Fortunately, there are many ways to experience Japan on a budget. Many of the best attractions are free, while others require you to pay an entrance fee. Entry fees to museums and art galleries typically range from Y=800 to Y=2,000 per person. You can also purchase tickets for organised day trips, which may cost as much as Y10,000 per person.
Given this reputation, you might be surprised to learn that Japan is actually one of the most affordable tourist destinations in Asia. It’s true that Tokyo and Kyoto can be expensive cities to visit, though we’ll get to how to keep your costs down here.
Traveling through Japan on a budget
The best way to travel through Japan on a budget is by train. It’s the most convenient way to get around, and the most popular among tourists. There are several train companies, but JR is the biggest and offers the Japan Rail Pass, which is free for tourists. Another option is taking a bus. Although busses tend to be slower and less comfortable than trains, they can be a great alternative to expensive trains. There are several bus companies operating across Japan, so choosing the right one can save you a lot of money.
You may want to avoid buying tickets for major attractions. While some sites do charge an entrance fee, many are worth the money, and you can also take advantage of 100-Yen stores for daily items and souvenirs. You may also want to sign up for a credit card to earn points for purchases during your trip.
Saving money on accommodations
If you are traveling to Japan, one of the most important considerations is accommodation. Although hotels aren’t exactly cheap, you can often get a good deal if you book early. Another option is to stay in a hostel. Hostels are generally quiet and peaceful, although some are known to have a rowdy atmosphere.
A 3-4 star hotel can cost about $125 a night. You can find cheaper options by looking for a smaller chain or staying outside of the busy tourist districts. Public transit in Japan is great, so you can often take public transportation to your hotel. Of course, there are plenty of name brand hotels throughout the country, but they’re generally double the price of budget hotels.
Getting lost in the old alleyways
Getting lost in the old alleyways of Kyoto can be one of the highlights of your trip to Japan. You can’t miss the public baths at the foot of the stairs, which are equipped with free supplies. These are perfect for rehydrating after a day of walking around the city. In the nearby town of Shirakawa-go, you can see a traditional Japanese village and its renowned gassho-zukuri houses. Many of these houses are still in use, but some have been converted into restaurants and shops. You can even stay in some of these traditional houses if you like.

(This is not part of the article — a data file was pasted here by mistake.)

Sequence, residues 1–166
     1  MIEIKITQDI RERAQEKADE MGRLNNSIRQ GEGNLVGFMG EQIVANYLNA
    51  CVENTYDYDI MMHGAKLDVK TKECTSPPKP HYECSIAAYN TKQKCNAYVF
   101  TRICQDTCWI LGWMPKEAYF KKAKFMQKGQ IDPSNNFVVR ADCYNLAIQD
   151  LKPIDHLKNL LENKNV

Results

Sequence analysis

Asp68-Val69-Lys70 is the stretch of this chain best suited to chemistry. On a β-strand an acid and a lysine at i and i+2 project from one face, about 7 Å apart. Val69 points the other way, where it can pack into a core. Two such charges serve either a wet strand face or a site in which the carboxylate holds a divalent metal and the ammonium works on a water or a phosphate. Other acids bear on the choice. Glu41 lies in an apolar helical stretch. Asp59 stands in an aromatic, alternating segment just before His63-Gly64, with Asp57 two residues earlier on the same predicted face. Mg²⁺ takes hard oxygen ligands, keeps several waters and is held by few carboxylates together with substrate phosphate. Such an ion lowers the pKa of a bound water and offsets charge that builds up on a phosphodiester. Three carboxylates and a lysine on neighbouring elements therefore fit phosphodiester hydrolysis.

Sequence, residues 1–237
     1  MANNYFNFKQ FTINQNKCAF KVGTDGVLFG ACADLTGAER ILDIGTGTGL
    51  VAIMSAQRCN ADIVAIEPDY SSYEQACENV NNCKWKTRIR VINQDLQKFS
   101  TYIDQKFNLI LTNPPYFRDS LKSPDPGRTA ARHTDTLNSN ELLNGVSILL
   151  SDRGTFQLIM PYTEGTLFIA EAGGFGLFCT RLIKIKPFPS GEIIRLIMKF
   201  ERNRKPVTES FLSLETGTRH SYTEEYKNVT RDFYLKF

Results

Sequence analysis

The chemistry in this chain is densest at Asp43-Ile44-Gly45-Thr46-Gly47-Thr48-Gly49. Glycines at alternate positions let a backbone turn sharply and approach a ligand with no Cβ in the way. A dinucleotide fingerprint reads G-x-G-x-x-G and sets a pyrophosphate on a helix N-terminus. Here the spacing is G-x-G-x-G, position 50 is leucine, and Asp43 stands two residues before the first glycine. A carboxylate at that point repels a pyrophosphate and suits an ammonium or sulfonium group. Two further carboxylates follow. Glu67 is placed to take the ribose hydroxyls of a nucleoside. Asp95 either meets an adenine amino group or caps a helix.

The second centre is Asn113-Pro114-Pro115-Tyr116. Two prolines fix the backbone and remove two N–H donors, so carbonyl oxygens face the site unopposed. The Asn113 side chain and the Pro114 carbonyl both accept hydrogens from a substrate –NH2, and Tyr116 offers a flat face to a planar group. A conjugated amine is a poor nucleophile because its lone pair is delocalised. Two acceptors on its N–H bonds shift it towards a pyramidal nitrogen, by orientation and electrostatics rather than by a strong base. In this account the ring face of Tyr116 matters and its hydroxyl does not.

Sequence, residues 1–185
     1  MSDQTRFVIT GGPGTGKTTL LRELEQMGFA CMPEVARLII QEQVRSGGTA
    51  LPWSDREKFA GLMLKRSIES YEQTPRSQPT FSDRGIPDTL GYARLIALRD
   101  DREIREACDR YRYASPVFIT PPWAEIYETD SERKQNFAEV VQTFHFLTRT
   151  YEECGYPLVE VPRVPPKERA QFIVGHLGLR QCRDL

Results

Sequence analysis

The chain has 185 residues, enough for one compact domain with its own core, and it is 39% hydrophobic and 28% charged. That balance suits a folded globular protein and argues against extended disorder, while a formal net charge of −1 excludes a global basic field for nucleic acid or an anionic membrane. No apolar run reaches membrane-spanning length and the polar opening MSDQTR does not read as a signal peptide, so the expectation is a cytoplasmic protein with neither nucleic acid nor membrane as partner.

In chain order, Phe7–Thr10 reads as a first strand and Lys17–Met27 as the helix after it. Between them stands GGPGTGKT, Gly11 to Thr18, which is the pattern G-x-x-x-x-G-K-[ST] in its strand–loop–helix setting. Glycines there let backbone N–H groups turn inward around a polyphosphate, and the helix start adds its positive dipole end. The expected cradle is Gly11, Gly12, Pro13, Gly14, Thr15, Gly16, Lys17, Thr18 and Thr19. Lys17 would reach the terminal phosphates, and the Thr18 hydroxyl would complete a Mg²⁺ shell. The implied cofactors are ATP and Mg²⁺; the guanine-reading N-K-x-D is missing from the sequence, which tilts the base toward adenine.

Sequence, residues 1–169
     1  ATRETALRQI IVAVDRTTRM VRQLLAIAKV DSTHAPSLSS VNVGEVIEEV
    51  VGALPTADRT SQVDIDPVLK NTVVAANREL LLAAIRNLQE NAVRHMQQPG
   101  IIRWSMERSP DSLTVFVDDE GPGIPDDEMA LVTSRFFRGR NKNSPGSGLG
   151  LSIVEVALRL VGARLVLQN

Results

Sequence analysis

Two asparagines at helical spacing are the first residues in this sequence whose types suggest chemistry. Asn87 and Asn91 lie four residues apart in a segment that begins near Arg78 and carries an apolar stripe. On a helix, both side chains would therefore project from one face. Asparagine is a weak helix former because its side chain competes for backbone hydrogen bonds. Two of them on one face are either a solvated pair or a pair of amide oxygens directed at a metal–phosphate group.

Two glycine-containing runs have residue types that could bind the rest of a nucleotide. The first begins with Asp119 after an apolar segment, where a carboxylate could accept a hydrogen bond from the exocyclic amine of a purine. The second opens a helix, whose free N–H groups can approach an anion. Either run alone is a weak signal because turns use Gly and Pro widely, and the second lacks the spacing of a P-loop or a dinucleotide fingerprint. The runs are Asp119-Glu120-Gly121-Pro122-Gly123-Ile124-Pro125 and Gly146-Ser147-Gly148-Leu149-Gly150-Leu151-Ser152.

If you don’t speak Japanese, don’t worry. Fortunately, many signs in Japan are written in English. You can even use your smartphone’s GPS to find your way. You can also read up on basic Japanese phrases to help you get around the country. The good news is that there are even free PDF cheat sheets available for offline reading.
While it’s common to see people with bottled water in Japan, tap water is safe to drink. In fact, it’s the preferred beverage in most Japanese restaurants. It’s also cheap and convenient. However, if you’re concerned about mercury levels, consider bringing your own filtered water bottle to Japan.
In general, water hardness in Japan is low, but it varies significantly by area. For instance, the water in the Naha Airport, Okinawa, is only 0.101 mg/L hard. By contrast, a sample in Kamiato highway rest area, Saitama, was 200 mg/L.
Getting around on a budget
There are several ways to get around on a budget in Japan. Depending on your needs, you may want to spend money on tours, but there are also many activities you can do without paying full price. To save money, write down the things on your bucket list and see if you can do them without a tour group.
Getting around on a budget in Japan can be easier than you think. While many of the major attractions cost a lot of money, you can often find some great places to eat for very little money. The price of a meal in a big city can be considerably less than that in a small town, so you may want to bring cash with you to smaller places. It is also a good idea to sign up for a rewards program to earn points on your trip.
Most of the places you want to visit in Japan, like temples and shrines, are free or very cheap. If you’re planning a trip to Japan, don’t be afraid to cut costs by planning activities around events like these. Also take advantage of the country’s excellent public transportation system and discount tickets. An affordable trip is entirely possible if you know where to look!